What is an advanced apprenticeship?
As a guide, Advanced Apprenticeships generally last around 24 months, although they can be longer or shorter. It is the second most popular apprenticeship. In 2014/15, around 181,800 people started an Advanced Apprenticeship.
A huge variety of different employers offer Advanced Apprenticeships.
Companies might run their apprenticeship in partnership with a training provider (like a further education college), meaning you’ll split your time between working at the company and attending college or they’ll run it independently and have their own in-house training sessions.
What qualifications will I need to do an advanced apprenticeship?
Generally, to be eligible to do an Advanced Apprenticeship you must have either completed an Intermediate Apprenticeship or have a certain number of GCSEs (or equivalent); although this isn’t always the case.
If you need to improve your skills, such as literacy and numeracy, there’s an Access to Apprenticeship scheme run by the National Apprenticeship Service that will help you out.
Most of our featured employers offering Advanced Apprenticeships will be looking for those with at least five GCSEs grades A*-C.
What qualifications will I get with an advanced apprenticeship?
Advanced Apprenticeships give you the opportunity to earn while you learn. They involve work-based learning, such as a Level 3 Competence Qualification, Functional Skills and, in most cases, a relevant knowledge-based qualification.
To put it simply: completing an Advanced Apprenticeship is the equivalent to gaining two A-level passes. You’ll also gain relevant technical certificates or qualifications (depending on your type of apprenticeship).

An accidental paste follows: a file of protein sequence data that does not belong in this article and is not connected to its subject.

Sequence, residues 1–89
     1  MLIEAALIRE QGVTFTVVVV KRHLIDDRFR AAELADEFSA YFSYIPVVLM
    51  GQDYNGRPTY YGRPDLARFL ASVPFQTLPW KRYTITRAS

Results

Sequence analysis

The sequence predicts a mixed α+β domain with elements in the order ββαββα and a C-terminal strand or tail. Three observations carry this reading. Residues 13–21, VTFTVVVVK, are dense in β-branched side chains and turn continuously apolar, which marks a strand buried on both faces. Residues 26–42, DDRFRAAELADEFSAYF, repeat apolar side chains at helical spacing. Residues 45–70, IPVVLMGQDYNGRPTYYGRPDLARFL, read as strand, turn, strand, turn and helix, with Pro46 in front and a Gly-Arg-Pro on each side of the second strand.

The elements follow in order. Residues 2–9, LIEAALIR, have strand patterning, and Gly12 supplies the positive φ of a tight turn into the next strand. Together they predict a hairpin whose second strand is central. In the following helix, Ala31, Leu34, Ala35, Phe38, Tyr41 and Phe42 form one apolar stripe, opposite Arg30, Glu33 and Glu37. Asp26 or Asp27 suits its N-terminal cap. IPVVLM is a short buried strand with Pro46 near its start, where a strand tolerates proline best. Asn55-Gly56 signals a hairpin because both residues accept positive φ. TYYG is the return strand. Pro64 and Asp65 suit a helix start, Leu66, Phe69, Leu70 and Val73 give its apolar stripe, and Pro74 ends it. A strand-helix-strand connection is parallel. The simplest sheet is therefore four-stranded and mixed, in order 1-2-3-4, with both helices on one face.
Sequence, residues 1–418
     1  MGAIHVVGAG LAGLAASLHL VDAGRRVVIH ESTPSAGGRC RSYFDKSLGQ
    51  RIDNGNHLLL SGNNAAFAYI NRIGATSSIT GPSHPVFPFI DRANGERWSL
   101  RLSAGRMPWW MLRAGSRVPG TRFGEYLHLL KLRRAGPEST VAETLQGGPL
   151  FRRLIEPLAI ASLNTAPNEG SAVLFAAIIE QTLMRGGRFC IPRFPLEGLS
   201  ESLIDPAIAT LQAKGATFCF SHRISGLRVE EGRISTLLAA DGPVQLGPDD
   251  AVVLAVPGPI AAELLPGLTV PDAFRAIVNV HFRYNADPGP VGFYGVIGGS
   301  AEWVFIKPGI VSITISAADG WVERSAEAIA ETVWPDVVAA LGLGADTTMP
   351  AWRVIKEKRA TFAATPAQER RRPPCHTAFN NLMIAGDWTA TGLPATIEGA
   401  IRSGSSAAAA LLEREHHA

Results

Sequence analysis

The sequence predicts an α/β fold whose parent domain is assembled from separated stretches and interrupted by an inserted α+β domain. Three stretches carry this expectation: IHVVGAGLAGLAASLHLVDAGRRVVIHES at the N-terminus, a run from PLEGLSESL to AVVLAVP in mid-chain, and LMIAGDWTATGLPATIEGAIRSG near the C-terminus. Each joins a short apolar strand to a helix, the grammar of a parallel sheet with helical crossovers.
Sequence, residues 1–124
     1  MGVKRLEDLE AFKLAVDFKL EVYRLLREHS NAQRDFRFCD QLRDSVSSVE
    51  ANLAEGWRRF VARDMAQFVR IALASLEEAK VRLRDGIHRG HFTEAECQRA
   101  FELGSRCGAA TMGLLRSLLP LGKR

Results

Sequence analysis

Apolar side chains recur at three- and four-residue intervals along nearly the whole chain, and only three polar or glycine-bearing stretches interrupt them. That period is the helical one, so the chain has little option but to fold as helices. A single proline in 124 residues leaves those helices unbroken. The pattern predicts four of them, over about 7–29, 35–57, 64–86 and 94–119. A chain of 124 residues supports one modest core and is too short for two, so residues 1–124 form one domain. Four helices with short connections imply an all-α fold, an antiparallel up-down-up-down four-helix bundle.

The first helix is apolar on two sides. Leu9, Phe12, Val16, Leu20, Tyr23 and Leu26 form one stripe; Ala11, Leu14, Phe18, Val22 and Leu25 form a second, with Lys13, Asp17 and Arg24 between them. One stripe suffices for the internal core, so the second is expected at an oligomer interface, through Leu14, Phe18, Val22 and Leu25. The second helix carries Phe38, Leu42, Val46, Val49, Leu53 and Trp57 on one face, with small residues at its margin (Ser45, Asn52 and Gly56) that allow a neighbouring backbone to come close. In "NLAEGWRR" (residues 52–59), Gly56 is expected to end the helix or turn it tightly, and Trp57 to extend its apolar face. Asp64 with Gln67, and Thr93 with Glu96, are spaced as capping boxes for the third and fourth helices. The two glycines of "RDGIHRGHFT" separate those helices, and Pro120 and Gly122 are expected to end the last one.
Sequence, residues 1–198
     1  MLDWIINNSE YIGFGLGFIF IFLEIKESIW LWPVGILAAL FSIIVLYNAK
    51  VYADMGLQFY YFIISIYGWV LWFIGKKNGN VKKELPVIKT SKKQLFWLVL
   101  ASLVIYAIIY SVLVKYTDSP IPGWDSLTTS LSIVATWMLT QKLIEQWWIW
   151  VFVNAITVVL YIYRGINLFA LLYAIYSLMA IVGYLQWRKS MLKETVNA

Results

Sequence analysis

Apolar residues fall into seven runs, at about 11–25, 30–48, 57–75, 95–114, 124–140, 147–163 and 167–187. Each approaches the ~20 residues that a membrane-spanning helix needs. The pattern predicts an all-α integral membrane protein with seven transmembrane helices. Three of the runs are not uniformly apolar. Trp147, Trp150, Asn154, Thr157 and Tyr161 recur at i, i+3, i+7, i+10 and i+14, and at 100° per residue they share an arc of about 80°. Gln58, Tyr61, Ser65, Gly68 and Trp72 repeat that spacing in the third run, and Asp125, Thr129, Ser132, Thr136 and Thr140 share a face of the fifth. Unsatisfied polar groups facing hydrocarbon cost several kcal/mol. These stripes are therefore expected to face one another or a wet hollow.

Once you’ve completed an Advanced Apprenticeship, you’ll be eligible to do a Higher Apprenticeship.
Will I get paid?
There are quite strict guidelines around the minimum employers should pay their apprentices.
The minimum that apprentices are entitled to depends on their age and length of time on a programme. Starting at £3.90 (as of April 2019) per hour – if an apprentice is under 19 or in their first year – this rises to £6.15 in the second year for those aged 18 to 20, then to £7.70 for 21-24-year-olds, and then up to £8.21 if they are over 25.
Apprentices aged 18 must be paid the standard National Minimum Wage after 12 months.
Employers are free to pay above the new wage and many do so, but employers must ensure that they are paying their apprentices at least the minimum wage.
The average weekly wage for an apprentice is actually around £200, dependant on the sector, region and apprenticeship level.
Employers offering Advanced Apprenticeships…
Plenty of small companies offer Advanced Apprenticeships but if you’ve got your sights on the big guns, these large companies also offer Advanced Apprenticeships:
Image courtesy of andy_c
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